And, sure, the alternative would be to kick the can down the road again. But the fact is, they have 10 players on their roster set to account for $212 million of their salary cap in 2024, and another already-top-heavy ledger for ’25 (top nine figures for that season sit at $194 million, as of today). All of which is to say the problem won’t be going away.

The 10 players we cited: Trent Williams, Deebo Samuel, Arik Armstead, Fred Warner, George Kittle, Charvarius Ward, Javon Hargrave, Nick Bosa, Christian McCaffrey and Brandon Aiyuk. And for Warner, Armstead and Ward, 2025 is void—meaning they’ll be up then, and leave a big cap number behind. So that’s the basic list of players you might be looking to trade. And remember, the idea has to be an attractive one for the other team in the trade equation, too.

Really, it’s hard not to look at it, then, and consider whether San Francisco would deal one of its receivers, either Samuel or Aiyuk. The rest are either older, or expiring too soon, or play too key a role for the Niners (such as Williams) to deal off.

We’ll see what happens.

From Luke Pietrzak (@lpzak44): Any chance Mayo gives Mac Jones another chance as starter?

Yeah, Luke, I’d be surprised.

It’s not that I think Jones is a lost cause. It’s that his cause in New England is lost.

It’s really hard to live down your history with an NFL team, and Jones’ with the New England Patriots is not good. He was drafted 15th and hasn’t come close to living up to his slot. He was good as a rookie, and regressed badly since. He was well-liked early on, but, over time, lost support in the building. And the quarterback room he was in the last two years got toxic, to the point where Bailey Zappe, as a rookie, sometimes watched tape in the receiver room.

That’s a lot of wounds, some self-inflicted, some not, to try and heal—and wounds that Jerod Mayo saw surface with his own eyes as a Patriots assistant. You can’t snap your fingers and make that history disappear with coaches and staff. What happens if Jones comes back and has some bumps in the offseason, in camp or in an early game? Everyone will point right back to the history. Which makes for a tough environment for Jones to try and move forward in, and potentially a tough spot for Mayo to dig his first team out of.

Jones started 11 games for New England this season.

Nathan Ray Seebeck-USA TODAY Sports

That’s also before we even get to the possibility that Drake Maye or Jayden Daniels are part of this equation, in which case you’d almost have to get rid of Jones.

I think the ideal for Jones is that he lands somewhere like San Francisco as a backup, gets a year to learn, play if there’s an injury, and rebuild his name and reputation in the league. I actually really have enjoyed my interactions with him personally, and I think there’s a good quarterback—like a Chad Pennington type—in there somewhere. Someone can probably get that out of him. I don’t think it can be the Patriots.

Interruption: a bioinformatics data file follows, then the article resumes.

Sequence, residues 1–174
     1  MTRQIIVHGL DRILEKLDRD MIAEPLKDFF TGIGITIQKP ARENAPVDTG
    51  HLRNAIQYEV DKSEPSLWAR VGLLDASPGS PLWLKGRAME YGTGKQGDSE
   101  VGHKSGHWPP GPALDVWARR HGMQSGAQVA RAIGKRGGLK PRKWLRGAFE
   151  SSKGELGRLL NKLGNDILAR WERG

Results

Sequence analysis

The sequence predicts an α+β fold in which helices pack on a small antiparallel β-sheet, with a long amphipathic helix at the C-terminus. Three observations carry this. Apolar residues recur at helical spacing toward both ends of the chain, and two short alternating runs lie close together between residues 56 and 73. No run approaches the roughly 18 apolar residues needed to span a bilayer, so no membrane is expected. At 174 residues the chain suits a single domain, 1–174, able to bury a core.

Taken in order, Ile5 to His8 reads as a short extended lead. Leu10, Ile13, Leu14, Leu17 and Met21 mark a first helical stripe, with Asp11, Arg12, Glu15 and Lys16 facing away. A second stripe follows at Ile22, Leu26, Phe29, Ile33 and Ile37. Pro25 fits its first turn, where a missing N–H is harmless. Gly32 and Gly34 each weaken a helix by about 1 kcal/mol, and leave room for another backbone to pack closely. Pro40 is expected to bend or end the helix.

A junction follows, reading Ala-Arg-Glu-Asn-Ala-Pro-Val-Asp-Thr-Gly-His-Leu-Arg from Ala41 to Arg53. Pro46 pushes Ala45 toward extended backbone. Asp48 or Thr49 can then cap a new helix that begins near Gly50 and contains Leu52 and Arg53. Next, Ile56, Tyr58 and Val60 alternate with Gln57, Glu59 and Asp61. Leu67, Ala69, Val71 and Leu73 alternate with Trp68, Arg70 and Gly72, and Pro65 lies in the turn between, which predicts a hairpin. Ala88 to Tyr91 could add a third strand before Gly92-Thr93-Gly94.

From Kevin Greene (@OrangeGaucho): Why is [J.J.] McCarthy not rated higher? Just not enough passing snaps? Or something more fundamental?

Kevin, it’s a couple things.

One is what you’re alluding to, and I think it’s important: There weren’t a lot of Michigan’s games in the last two years where he had to be the best player on the field for the Wolverines to win. And to best illustrate why that matters, let’s look at some of the best players in the sport. Patrick Mahomes had to be that guy at Texas Tech almost every week. Ditto for Josh Allen at Wyoming, and Lamar Jackson at Louisville. Joe Burrow didn’t, but given great talent around him, he was absolutely otherworldly his final year at LSU.

Bottom line, McCarthy just doesn’t have enough of that on his resume, which brings fair questions. For example, consider Jones vs. Brock Purdy. Jones didn’t have to be the guy at Alabama. Purdy did at Iowa State. Who seems more comfortable leading a team in the NFL?

The second thing is McCarthy’s frame. I had one scout tell me he’s built like a stretched-out Bryce Young—and it’s not like he’s that much taller than Young, at about 6’2″. Yes, he’s only 21. But looking at him physically, teams have concerns about how much bigger he’ll get. In fact, one AFC college scouting director said to me last month, “I get taken aback seeing him in person because he’s so slight.”

Now, with all that in mind, McCarthy’s clearly a fierce competitor, tough, and possesses the quick feet, strong arm, and loose athleticism to make it in the NFL. So he’ll be a fascinating one to watch over the next couple months. I could see him sneaking in the end of the top 10. I could see him slipping out of the first round. And based solely on the conversations I’ve had, I’d put him in the second tier at his position with (and probably a little ahead of) Oregon’s Bo Nix and Washington’s Michael Penix Jr.

From Scott Fairbanks (@Sxottlan): Chance of another wintry city hosting a Super Bowl again any time soon?

Scott, for it to happen, you need a new, domed stadium. That’s why Detroit, Minneapolis and Indianapolis got theirs. New York, of course, is different. Nashville will get one, I’m sure, but I don’t think it’d qualify as a “wintry” city. So to me the next ones will likely be places like Chicago and Washington, big metropolises with teams trying to get domes.